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Identifying leadership: ESMT

Posted on by from ESMT

Are you a thought leader? Emily Sexton-Brown asks professors from across the globe to pinpoint just what true leadership looks like. Professor Laura Guillén, ESMT enlightens...

1) What is your name and job title?

Laura Guillén, assistant professor of organisational behaviour.

2) Where do you work?

At the European School of Management and Technology (ESMT), Berlin, Germany.

3) What led you onto your career path?

During my corporate career in a multinational company, I got the impression that what people cared most about was not possessing knowledge or skills to succeed in their roles, but their relationships with their colleagues. Social comparisons with peers, dealing with a toxic boss, not being capable of speaking up in front of upper management, are just some examples of the things that people spend most of their time talking about. No matter where I looked, people issues seemed to be the key for being satisfied – or not – with one’s professional life. I wanted to learn more about these issues and decided for this reason to go back to academia to do a PhD in organisational behavior. 

4) What or who has been the biggest influence within your career to date?

Probably my first coaching sessions offered to students of degree programs in a European business school and realizing that MBA or EMBA programs are often unique life-changing experiences. During those first coaching sessions, participants were open and shared with me things, personal and professional, that really mattered to them. I felt privileged! They were eager to learn and to self-explore. They were prepared to embrace new challenges. I wanted to be part of these experiences and to support them in their personal and professional growth. 

5) In your opinion, what does true leadership look like?

“True” leadership probably does not exist because leadership is an attribution, a social interpretation. Leaders do not exist if not recognised as such by their followers. And each single group has its own idiosyncratic needs, fears, fantasies and desires. They have a unique sense of who they are, who they fear to become, what they need and what they have to accomplish. Leaders have to be aware of these varying needs to be able to connect with their followers first and, if allowed by them, to emerge as their leader. In a sense, each person who aspires to be a leader should understand that no leader is going to be a leader forever. Leaders have to constantly adapt to their social environments or they will fail.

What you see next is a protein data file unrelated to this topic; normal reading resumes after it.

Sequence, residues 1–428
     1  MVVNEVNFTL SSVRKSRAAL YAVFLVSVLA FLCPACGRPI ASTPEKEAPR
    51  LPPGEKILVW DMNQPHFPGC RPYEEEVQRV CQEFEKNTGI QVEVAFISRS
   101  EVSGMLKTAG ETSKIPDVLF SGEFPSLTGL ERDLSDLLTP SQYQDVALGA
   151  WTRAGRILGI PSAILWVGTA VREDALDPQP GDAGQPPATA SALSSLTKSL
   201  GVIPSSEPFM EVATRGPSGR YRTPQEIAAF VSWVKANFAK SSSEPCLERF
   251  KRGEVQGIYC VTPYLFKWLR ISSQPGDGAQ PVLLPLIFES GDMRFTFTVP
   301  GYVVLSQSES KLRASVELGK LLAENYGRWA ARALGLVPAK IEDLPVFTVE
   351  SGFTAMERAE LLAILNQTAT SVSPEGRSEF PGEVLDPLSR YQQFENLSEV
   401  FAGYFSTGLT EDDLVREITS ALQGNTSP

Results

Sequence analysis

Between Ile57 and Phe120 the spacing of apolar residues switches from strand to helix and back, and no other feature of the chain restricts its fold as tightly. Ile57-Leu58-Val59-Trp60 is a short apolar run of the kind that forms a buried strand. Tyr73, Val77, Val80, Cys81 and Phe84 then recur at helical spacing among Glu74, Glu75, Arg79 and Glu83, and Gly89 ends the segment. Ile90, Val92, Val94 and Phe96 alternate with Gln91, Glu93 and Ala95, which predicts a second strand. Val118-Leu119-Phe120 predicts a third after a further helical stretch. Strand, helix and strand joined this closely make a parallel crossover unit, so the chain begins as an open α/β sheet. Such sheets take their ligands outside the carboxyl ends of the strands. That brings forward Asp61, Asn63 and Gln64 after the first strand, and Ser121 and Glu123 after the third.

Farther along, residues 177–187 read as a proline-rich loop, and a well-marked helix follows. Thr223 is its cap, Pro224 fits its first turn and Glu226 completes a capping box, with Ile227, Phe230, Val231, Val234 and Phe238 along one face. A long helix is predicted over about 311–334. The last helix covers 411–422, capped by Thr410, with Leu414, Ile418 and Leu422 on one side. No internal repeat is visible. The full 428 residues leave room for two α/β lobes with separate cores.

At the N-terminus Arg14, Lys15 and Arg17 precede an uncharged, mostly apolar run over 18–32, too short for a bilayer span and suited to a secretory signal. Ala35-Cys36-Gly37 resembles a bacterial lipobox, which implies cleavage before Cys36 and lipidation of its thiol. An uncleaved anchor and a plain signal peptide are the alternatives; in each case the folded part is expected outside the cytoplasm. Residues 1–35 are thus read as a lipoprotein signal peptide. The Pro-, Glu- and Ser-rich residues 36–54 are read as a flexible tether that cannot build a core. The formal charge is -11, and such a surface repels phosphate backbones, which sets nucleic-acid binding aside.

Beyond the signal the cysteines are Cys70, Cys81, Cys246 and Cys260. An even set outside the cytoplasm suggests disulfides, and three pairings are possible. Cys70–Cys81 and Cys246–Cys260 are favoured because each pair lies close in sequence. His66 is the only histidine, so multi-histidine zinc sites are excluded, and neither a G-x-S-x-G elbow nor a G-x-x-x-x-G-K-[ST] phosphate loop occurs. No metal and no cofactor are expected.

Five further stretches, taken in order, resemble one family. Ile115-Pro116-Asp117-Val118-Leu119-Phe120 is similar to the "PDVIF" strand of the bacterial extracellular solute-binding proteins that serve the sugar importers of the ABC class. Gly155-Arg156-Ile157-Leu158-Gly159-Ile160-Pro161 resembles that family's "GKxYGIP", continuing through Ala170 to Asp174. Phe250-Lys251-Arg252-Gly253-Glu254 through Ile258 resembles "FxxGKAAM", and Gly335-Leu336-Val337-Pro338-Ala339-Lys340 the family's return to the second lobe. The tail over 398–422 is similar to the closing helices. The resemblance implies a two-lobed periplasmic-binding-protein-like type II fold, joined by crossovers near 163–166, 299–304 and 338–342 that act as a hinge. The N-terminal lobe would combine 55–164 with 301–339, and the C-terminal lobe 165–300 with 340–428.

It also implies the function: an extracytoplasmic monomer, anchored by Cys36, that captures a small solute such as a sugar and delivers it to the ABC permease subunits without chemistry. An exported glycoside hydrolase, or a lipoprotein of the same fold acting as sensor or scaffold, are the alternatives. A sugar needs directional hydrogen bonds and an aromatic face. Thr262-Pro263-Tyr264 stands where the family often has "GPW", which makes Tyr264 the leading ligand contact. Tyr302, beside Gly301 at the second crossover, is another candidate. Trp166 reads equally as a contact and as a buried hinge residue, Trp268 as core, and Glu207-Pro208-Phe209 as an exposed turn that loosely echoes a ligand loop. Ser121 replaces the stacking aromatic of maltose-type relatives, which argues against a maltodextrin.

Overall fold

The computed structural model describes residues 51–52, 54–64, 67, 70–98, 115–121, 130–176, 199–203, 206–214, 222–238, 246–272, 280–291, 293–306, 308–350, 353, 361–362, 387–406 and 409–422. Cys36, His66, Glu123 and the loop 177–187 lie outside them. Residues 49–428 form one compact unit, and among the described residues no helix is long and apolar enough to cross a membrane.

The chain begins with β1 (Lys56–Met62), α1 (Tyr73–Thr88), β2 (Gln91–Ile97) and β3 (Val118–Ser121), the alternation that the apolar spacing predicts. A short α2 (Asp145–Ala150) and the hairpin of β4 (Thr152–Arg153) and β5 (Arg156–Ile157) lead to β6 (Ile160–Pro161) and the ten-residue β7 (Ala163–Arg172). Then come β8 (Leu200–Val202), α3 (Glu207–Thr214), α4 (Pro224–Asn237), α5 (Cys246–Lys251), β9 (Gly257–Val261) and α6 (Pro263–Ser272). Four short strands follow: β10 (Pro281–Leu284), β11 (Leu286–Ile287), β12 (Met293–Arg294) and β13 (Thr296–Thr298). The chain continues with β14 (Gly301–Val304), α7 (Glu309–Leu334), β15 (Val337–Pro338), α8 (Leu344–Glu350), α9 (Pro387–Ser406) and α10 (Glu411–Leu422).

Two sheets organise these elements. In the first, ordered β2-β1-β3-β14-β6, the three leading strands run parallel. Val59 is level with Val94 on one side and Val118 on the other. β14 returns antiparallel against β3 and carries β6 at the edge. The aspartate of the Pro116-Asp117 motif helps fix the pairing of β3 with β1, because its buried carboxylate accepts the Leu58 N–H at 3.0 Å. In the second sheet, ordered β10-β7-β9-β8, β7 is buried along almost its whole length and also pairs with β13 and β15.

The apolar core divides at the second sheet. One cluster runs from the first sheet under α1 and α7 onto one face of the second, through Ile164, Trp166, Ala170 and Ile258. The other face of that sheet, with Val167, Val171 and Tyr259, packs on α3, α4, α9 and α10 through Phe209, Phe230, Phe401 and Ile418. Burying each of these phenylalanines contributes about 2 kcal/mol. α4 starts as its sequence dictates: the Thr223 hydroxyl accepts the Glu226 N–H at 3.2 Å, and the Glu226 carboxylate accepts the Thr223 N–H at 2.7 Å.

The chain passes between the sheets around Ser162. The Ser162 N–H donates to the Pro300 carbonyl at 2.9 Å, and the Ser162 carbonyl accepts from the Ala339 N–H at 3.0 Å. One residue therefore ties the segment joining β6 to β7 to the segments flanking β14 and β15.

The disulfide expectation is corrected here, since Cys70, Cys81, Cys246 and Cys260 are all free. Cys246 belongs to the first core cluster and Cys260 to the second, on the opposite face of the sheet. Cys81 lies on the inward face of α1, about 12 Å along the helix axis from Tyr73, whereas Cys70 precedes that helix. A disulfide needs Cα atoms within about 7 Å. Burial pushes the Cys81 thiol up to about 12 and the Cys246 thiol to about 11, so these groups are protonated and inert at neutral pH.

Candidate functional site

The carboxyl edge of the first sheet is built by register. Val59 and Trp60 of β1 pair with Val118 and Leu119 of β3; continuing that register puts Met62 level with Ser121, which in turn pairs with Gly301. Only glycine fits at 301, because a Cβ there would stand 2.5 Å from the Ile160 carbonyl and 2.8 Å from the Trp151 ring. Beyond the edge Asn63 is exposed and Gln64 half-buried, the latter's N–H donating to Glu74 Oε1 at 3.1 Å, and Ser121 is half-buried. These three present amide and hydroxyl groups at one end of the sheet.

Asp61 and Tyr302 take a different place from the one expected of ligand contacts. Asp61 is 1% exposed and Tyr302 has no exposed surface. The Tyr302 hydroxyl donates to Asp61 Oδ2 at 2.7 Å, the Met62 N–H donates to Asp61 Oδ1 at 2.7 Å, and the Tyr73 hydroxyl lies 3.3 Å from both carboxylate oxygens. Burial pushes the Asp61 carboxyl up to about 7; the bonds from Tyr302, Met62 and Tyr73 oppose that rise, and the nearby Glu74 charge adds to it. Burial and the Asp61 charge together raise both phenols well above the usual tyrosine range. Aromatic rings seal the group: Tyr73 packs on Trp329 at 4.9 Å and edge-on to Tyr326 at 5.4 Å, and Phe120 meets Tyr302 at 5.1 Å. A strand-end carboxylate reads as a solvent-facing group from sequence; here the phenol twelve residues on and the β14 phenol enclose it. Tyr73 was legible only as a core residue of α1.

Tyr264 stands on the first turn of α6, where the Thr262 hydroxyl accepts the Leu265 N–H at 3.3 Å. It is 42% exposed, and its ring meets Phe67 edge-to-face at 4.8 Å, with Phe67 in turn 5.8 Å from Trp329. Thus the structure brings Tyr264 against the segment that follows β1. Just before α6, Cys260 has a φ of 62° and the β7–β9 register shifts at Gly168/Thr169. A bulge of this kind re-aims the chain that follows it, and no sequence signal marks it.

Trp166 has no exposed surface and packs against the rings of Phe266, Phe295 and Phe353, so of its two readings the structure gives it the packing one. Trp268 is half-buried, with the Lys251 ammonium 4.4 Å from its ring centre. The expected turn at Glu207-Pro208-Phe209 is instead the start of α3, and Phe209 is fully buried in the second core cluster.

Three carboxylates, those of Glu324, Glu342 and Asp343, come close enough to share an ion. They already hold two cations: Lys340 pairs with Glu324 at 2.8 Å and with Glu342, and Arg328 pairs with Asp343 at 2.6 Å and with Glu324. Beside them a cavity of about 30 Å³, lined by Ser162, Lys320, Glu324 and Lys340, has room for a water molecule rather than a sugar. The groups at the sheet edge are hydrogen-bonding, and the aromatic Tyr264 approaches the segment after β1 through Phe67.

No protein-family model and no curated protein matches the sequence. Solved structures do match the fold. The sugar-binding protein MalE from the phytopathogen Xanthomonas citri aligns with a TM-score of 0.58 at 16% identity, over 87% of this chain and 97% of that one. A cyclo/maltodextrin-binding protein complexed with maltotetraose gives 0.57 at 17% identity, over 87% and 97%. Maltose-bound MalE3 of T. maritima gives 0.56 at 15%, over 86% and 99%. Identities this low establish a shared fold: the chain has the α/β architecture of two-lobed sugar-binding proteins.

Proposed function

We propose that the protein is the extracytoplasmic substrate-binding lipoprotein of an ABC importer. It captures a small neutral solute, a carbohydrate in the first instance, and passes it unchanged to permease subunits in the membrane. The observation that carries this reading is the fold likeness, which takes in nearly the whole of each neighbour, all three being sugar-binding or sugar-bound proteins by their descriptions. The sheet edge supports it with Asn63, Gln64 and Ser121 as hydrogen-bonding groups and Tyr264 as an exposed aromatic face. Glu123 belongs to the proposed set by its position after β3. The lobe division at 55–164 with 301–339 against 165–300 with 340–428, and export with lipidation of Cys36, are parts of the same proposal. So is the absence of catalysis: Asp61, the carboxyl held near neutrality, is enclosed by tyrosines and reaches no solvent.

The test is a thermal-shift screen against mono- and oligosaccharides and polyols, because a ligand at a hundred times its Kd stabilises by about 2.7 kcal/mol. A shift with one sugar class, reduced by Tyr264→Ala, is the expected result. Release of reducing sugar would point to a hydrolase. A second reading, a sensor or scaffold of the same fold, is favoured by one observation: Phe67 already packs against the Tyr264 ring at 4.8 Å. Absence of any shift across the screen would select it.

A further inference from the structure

6) To be an innovative leader, what key skills are needed and how can leaders develop these effectively?

Leaders should allow others to feel safe, respected and valued to enhance their innovative thinking. They need to realise that they do not know to have all answers. For innovation to flourish, leaders must recognise that real innovative power lies beyond themselves and in the group. Therefore they must truly empower others and listen to what they have to say. At the same time, they need to learn to lay back and work, as well as play, in close cooperation with others. 

7) How do you anticipate leadership evolving in the coming years?

In today’s companies with flat technology and hierarchy, workers are smart, powerful, skilled, and autonomous. For me, what’s key for the development of leadership in the future is how to lead these brilliant people who are not necessarily willing to be led. However, as a veteran designer secretly admitted, these workers recognise that they “don’t want to accept that they need leadership, but they kind of do.” Leadership needs to be subtler than ever, and leaders need to be psychologically equipped to face this challenge. 

8) In your opinion, what are the top four management books aspiring leaders should read?

  • What brought you here won’t get you there (Marshall Goldsmith). To learn how to let go of skills that made you successful in the past is essential to climb to the top of the corporate ladder.
  • Working identity: Unconventional strategies for reinventing your career (Herminia Ibarra). To realize how important our own self-perceptions are in shaping our professional, as well as personal, future. It is essential to gain awareness of who you really are and what your passion is.
  • Influence: The psychology of persuasion (Robert B. Cialdini). To learn simple ways of influencing others and to be aware of our own tendency to let automatic pilot thinking take over.
  • Give and take: A revolutionary approach to success (Adam Grant). To learn why and how being humble, giving and doing good to others pays off in today’s organizational world. An extremely rigorous research-based book with useful implications for daily life, both private and at work. 
Emily  Sexton-Brown

By Emily Sexton-Brown

Emily is the commissioning editor at Changeboard

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